I went to Third Place Books a couple of days ago to pick up one of my birthday presents to myself—a shiny copy of Homes of Family Names in Great Britain by Henry Brougham Guppy, printed on their book machine!
It’s basically a list he collected of English last names in all the different counties, and I wanted it for naming characters. Here are the first two paragraphs of the Preface:
“Most books have a history attached to their inception, and, although strongly tempted to inform my readers as to how I came to write this work, I prefer to follow the advice of a certain little attendant demon or sprite, call him what you will, that hangs, metaphorically speaking, to my coat-tails, and brings me up sharply with a prohibitive pull. It will be enough for the author to crave the generous judgment of his readers, and there are few men in this world on whom kindly appreciation and a little timely encouragement are altogether thrown away.
When, some thirteen years ago, whilst a young naval surgeon, I measured the water discharged of the Yang’tse, one of the largest rivers of the world, I little thought that it would be my future lot to be intimately concerned with problems of such widely different natures as the origin of coral islands and the distribution of names in Great Britain. The first of these problems I hope still to work at for many years to come, and particularly because in this matter English geologists have abandoned the safe road of observation and research for the doubtful track of airy speculation under the shadow of a name. A solution of the second complicated problem I now present to my readers, and I await their verdict with no inconsiderable anxiety. Their approval will encourage me in another work of a very different character, on which I am at present engaged, namely, on the homes of the oceanic races of men; but for the prosecution of this and my other works means are necessary, and, failing other aid, I appeal in these pages to the English people.”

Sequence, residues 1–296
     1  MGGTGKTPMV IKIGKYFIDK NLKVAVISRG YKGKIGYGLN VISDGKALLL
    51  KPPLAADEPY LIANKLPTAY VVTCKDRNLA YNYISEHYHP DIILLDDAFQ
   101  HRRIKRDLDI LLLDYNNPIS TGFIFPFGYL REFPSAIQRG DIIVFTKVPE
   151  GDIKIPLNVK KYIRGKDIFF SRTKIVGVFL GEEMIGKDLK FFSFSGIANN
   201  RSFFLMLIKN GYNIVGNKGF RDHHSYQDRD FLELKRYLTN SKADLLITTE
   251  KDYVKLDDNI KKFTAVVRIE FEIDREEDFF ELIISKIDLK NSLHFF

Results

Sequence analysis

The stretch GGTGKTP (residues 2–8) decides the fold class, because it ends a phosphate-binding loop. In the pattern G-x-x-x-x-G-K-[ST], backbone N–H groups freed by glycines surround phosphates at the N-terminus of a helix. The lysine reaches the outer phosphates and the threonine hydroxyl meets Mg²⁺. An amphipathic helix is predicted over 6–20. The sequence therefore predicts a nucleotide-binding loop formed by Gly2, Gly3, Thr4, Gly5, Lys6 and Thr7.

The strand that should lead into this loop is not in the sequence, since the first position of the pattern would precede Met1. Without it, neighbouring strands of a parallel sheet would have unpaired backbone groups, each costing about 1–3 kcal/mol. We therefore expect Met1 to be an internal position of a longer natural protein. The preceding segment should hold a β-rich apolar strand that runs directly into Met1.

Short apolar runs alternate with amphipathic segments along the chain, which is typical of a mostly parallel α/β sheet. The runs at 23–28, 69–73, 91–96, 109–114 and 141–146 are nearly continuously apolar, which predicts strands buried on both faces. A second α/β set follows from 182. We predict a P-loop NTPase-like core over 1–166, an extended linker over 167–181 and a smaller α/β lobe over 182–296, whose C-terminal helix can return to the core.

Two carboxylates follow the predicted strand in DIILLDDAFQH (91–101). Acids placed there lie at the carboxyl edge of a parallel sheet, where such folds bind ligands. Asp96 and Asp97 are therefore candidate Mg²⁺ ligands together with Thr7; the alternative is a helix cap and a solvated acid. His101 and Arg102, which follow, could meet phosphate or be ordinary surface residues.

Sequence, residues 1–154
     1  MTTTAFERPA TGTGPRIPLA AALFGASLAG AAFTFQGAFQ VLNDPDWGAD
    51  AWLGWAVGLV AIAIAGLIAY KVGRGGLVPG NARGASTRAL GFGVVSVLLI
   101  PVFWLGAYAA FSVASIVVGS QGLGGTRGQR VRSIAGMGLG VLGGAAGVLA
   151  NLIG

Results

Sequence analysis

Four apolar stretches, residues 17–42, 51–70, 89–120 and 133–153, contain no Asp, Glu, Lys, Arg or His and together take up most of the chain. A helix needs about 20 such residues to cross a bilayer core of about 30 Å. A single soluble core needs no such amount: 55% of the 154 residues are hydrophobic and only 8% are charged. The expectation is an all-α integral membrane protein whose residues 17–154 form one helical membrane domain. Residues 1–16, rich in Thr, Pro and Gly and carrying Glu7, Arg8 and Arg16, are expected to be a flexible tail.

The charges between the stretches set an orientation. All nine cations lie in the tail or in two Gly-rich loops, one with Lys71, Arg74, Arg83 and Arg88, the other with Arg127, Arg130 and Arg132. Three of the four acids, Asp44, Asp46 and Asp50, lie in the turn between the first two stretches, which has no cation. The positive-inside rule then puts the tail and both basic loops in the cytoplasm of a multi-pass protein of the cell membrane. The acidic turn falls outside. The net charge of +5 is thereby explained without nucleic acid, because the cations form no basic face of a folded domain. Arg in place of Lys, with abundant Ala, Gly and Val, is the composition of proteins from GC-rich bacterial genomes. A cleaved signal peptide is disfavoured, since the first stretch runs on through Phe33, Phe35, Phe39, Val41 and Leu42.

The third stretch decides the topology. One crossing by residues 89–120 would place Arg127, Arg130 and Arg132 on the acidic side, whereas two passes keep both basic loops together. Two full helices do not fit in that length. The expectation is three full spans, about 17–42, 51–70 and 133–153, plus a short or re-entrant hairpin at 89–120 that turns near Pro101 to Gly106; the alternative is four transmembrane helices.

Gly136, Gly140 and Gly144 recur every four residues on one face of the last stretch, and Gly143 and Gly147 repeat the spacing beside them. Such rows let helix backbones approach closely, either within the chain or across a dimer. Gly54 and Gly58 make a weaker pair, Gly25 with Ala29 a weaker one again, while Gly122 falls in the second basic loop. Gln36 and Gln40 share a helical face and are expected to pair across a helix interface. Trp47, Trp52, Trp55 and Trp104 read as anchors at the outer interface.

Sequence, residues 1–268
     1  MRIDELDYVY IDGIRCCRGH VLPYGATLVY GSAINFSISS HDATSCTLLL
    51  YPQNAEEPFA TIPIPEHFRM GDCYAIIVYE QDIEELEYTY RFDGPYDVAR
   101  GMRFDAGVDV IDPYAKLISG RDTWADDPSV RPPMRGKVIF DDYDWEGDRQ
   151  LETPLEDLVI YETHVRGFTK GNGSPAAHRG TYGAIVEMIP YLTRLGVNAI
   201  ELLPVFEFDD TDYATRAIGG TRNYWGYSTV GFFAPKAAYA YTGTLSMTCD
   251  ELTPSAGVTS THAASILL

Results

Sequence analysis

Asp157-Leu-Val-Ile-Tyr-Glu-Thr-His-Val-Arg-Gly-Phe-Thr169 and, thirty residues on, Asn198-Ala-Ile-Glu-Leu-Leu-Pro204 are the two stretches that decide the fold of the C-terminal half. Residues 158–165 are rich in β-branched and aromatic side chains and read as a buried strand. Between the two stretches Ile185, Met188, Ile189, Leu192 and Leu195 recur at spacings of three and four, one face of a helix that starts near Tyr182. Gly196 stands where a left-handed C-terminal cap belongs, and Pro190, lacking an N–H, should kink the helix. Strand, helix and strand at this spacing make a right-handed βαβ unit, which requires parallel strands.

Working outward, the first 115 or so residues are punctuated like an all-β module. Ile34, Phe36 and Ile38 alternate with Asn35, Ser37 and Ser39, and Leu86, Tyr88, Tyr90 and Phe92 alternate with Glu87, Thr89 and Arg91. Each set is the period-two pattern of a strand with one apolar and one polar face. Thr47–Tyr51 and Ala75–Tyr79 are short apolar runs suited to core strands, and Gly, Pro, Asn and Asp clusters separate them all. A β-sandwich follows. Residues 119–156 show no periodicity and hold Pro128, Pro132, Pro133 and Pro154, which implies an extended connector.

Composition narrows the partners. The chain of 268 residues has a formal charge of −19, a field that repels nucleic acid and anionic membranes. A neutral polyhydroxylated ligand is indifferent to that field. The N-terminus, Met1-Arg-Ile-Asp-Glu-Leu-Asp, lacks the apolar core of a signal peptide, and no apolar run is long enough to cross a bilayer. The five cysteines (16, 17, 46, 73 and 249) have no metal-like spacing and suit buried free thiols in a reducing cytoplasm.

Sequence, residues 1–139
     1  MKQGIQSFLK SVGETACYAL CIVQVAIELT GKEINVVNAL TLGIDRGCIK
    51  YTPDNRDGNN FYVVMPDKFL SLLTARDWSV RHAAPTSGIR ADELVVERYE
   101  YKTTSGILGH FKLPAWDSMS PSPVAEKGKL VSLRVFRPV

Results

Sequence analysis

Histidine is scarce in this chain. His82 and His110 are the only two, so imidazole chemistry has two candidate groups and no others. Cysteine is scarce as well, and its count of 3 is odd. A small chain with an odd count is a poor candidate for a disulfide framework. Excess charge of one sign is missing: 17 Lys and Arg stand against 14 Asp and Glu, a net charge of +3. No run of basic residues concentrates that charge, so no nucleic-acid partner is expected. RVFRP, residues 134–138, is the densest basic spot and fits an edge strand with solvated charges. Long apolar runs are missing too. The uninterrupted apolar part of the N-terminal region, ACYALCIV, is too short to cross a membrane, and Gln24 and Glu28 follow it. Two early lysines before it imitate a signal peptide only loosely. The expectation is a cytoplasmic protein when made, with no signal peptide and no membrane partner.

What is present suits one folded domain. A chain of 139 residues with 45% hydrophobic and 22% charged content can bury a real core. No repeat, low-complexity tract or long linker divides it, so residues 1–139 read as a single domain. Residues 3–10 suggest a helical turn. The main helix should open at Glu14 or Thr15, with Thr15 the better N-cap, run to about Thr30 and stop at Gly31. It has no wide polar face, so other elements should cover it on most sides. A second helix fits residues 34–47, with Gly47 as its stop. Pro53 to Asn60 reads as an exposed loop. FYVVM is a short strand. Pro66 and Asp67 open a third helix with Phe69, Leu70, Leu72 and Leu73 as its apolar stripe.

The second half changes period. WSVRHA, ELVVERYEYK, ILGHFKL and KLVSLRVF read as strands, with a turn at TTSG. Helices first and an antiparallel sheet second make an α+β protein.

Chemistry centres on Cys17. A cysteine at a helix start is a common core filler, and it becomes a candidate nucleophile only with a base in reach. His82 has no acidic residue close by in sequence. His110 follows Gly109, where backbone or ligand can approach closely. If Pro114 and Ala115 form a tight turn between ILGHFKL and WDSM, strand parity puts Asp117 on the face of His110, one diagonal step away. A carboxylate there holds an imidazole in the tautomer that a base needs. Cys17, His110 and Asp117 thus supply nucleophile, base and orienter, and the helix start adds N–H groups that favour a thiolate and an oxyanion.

WHOA. That’s a huge mess of rhetorical flourishes and professional politics right there. Also, I’d LIKE to pretend that he was doing research on the great cities of the merpeople, but I suspect (and superficial googling appears to confirm) that “oceanic races” is part of the Victorian racial classifications and means, like, Polynesian or something.
And in fact, reading the rest of the preface, the point of the book appears to be in large part to pin down racial differences within Britain. It gets creepier and creepier the more I read: he mentions that “if some disinterested person were to make a study of the distribution of family names in Ireland on the lines adopted in this work, he would provide the legislature with information of practical value,” and follows that up with this gem: “in truth the vexed question of Alsace and Lorraine might be more easily settled by a study of the family nomenclature than by the manufacture of smokeless powder.” Because of course the most relevant question in that dispute was whether the people who lived there had more DNA in common with the French or the German. You have to love those white male Victorians scientists.
Anyway, while I was at the bookstore, I decided to just take a look around…and ended up with:
1. Lady Isabella’s Scandalous Marriage by Jennifer Ashley. (I adored The Madness of Lord Ian Mackenzie, the first book in the series.)
2. Ancient Whispers by Marie-Claude Bourque. (Marie-Claude is my friend and this book sounds fantastic!)
3. Iron Kissed by Patricia Briggs. (I loved the first two books in this series. Mercy is such a fabulous heroine!)
4. Turn Coat by Jim Butcher. (The Dresden Files #11, I think–I’ve been reading this series for years and adore it, and when I realized I’d somehow gotten two books behind, I had to do something right away!)
What’s the last book you bought on impulse?